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able for students of prose. It is not so idiosyncratic as are the styles of Carlyle or Mr. Ruskin, not so inimitably individual; it is more conventional and unimpassioned, more expressive of the mood of prose, with little of the color and few of the overtones of poetry. Yet it is an intensely vital style, and everywhere exemplifies not simply the logic of good writing, but the intimate correspondence of phrase with thought and mood that great writers of prose continually secure. Individual it therefore is, and yet not arbitrarily or forbiddingly individual. Its merits and possible shortcomings are analyzed at length in the Introduction.

The more important dates in Arnold's life and a list of his main publications are given just after the Introduction. A brief sketch of his life may be found in Men of the Time, ed. 1887; a longer, more appreciative sketch, in Eminent Persons, or Biographies reprinted from the Times, vol. iv. Mr. Andrew Lang's article on Arnold, in the Century for April, 1882, also contains much interesting biographical detail. HARVARD UNIVERSITY, CAMBRIDGE, Mass.,

August, 1897

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* The date assigned each Selection is that of its earliest appear-
ance in print.



ADMIRERS of Arnold's prose find it well to admit frankly that his style has an unfortunate knack of exciting prejudice. Emerson has somewhere spoken of the unkind trick fate plays a man when it gives him a strut in his gait. Here and there in Arnold's prose, there is just a trace-sometimes more than a trace-of such a strut. He condescends to his readers with a gracious elaborateness; he is at great pains to make them feel that they are his equals; he undervalues himself playfully ; he assures us that “he is an unlearned belletristic trifler ";' he insists over and over again that “he is an unpretending writer, without a philosophy based on interdependent, subordinate, and coherent principles."? All this he does, of course, smilingly; but the smile seems to many on whom its favors fall, supercilious; and the playful undervaluation of self looks shrewdly like an affectation. He is very debonair,—this apologetic writer; very self-assured ; at times even jaunty.'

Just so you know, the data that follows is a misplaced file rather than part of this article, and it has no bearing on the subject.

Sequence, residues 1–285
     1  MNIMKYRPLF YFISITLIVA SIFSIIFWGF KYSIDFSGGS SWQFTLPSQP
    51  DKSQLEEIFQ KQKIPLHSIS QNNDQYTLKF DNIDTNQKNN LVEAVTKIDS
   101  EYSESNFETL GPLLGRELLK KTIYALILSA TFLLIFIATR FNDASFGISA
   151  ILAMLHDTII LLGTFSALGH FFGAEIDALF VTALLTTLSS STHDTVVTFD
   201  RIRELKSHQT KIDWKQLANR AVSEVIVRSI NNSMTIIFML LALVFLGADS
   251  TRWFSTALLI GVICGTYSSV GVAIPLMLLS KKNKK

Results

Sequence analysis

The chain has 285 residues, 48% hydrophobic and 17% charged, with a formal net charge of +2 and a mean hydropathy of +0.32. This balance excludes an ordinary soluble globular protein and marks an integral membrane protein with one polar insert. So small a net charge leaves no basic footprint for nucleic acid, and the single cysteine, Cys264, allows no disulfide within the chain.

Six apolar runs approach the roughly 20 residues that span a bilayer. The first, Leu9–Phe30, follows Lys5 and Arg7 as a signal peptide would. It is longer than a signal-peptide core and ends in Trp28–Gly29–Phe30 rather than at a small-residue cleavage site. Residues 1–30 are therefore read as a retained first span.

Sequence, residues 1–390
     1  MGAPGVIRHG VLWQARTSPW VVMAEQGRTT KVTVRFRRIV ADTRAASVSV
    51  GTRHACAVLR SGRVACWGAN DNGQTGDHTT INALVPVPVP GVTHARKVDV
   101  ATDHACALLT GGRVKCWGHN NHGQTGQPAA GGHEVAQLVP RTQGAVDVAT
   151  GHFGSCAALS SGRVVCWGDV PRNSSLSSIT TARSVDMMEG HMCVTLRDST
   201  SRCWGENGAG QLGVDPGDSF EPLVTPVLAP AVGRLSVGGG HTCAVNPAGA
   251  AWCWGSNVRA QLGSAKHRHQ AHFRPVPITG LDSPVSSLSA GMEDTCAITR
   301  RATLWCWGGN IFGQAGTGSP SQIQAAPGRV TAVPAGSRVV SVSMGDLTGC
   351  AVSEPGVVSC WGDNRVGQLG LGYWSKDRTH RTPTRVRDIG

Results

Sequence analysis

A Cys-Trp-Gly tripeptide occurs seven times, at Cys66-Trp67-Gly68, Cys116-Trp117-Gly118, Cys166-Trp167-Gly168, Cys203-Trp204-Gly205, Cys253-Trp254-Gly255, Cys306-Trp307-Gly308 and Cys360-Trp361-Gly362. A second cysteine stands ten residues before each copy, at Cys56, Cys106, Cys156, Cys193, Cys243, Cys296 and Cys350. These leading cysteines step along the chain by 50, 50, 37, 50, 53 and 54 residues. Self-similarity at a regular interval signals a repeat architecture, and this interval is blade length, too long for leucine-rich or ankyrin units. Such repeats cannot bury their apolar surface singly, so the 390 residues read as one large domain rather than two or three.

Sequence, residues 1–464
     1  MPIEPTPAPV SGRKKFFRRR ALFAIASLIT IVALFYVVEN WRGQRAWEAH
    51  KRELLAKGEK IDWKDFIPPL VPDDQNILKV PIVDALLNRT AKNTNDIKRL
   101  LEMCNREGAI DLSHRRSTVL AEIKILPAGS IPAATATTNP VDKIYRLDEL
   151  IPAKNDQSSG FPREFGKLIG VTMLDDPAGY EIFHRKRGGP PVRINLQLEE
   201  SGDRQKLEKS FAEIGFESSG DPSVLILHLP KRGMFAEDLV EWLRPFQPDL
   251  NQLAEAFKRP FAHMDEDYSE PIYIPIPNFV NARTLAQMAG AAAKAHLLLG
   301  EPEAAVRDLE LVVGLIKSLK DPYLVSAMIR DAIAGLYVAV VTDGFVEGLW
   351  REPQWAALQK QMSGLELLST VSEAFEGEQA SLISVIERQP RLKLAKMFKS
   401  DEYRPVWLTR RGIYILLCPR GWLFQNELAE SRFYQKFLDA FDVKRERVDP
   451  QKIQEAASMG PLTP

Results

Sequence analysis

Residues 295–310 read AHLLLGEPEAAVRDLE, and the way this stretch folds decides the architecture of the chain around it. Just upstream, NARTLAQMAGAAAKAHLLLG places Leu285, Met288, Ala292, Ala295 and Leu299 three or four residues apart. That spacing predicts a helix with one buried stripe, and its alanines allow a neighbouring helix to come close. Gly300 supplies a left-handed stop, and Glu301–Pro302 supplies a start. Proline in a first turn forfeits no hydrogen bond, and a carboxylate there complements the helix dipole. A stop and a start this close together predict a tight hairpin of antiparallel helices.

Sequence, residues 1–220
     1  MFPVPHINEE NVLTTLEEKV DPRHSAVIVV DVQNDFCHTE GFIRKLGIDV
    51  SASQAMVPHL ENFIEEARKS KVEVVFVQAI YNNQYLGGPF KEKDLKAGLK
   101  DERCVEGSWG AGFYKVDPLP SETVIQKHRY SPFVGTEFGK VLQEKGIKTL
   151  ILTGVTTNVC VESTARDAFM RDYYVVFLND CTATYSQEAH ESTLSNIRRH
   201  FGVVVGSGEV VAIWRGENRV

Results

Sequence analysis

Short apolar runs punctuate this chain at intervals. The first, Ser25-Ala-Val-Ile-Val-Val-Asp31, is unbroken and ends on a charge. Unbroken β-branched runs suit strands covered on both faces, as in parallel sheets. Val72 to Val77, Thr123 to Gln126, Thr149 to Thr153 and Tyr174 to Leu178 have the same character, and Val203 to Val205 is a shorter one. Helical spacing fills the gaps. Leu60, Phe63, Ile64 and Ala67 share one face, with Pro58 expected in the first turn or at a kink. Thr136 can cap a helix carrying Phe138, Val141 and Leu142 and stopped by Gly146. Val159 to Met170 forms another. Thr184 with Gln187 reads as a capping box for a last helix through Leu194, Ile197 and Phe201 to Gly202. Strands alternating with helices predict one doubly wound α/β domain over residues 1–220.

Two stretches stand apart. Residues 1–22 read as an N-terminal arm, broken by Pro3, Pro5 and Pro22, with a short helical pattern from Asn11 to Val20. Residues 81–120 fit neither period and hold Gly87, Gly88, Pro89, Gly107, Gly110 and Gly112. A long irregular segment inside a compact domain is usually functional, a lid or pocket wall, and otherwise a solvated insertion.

Thorough-going admirers of Arnold have always

1 Celtic Literature, p. 21. ? Culture and Anarchy, p. 152 ; Friendship's Garland, p. 273.

3 Various critics have complained of Arnold's tone and bearing. Mr. Saintsbury, for example, objects to his “ mincing” manner ; Professor Jowett, to his “ Aippancy.”

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